$4.5 trillion is a lot of money, and under normal circumstances, that kind of body blow to the economy would cause a recession.

However, the crucial question is, how much can the emergency stimulus legislation offset that $4.5 trillion-dollar loss?

The $2.2 trillion emergency stimulus legislation, combined with the Federal Reserves’ $6 trillion loan facility to make businesses whole, should more than offset the expected loss of $4.5 trillion loss in GDP between now and the end of May.

The distinction between an “artificial recession” and a “real recession!”

The standard definition of a “recession” is usually defined as a business cycle or economic cycle change from a growing and expanding economy to a declining and contracting economy.

This Coronavirus economic downturn is not technically a recession.

As investors, we need to be clear that the reason for this economic and stock market crisis is, for the first time in world history, our government forcibly shut down the U.S. economy. This didn’t happen during WWII. It didn’t happen after 9/11. It has never happened before!

This is an “artificial recession” caused by the U.S. government shutting down the economy in a severe health crisis.

It is a serious mistake for economists to use past historical recession data to compare this unique event with past recessions. Garbage in — Garbage out!

Democrats and Republicans all seem to realize that this is a unique historical crisis.

Democrats and Republicans and the Administration have all stated that their goal was to make all workers and businesses whole after the two and a half months of disruption to the U.S. economy.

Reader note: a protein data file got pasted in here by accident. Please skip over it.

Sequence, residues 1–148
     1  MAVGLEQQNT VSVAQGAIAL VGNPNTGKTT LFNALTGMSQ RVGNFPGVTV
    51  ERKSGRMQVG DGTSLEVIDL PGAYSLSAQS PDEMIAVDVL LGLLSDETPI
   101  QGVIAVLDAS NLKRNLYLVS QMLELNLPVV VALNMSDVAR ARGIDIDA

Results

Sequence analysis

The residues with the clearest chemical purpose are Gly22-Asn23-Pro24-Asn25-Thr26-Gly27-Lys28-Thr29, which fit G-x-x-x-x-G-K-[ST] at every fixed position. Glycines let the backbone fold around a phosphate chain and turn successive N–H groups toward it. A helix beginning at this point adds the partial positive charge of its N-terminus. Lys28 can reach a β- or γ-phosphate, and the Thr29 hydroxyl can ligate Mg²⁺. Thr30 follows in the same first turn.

If the Congress and Administration can keep their word to workers and businesses and make the economy whole again, the economy and stock market should recover before the end of the summer — and definitely before the election!

Even if you don’t have any faith in politicians, since this is an election year, I believe they will do what they say.

We are now seeing China reopen after two and a half months of quarantine. Like in the U.S., people were going stir crazy in quarantine. There are now lines outside of Chinese restaurants and shops.

The pent-up demand for shopping and returning the economy to normal here in the U.S. should bode well for a booming economy in the third quarter of this year.


At this time, I believe the $2.2 trillion emergency economic stimulus legislation and the $6 trillion Federal Reserve loan facility will more than offset the $4.5 trillion economic damage caused by the Coronavirus pandemic through late May.

I expect economic growth to accelerate during the second half of this year as the Coronavirus is contained.

As investors, we have to remember that historically, about six months after the World Health Organization declares an epidemic a “Global Health Crisis,” the stock market has usually recovered and is on its way back to new highs.

For investors, the best strategy is not to be panicked into selling but to ride out this economic disruption for the next four to six weeks and solely focus on your health and the health of your family.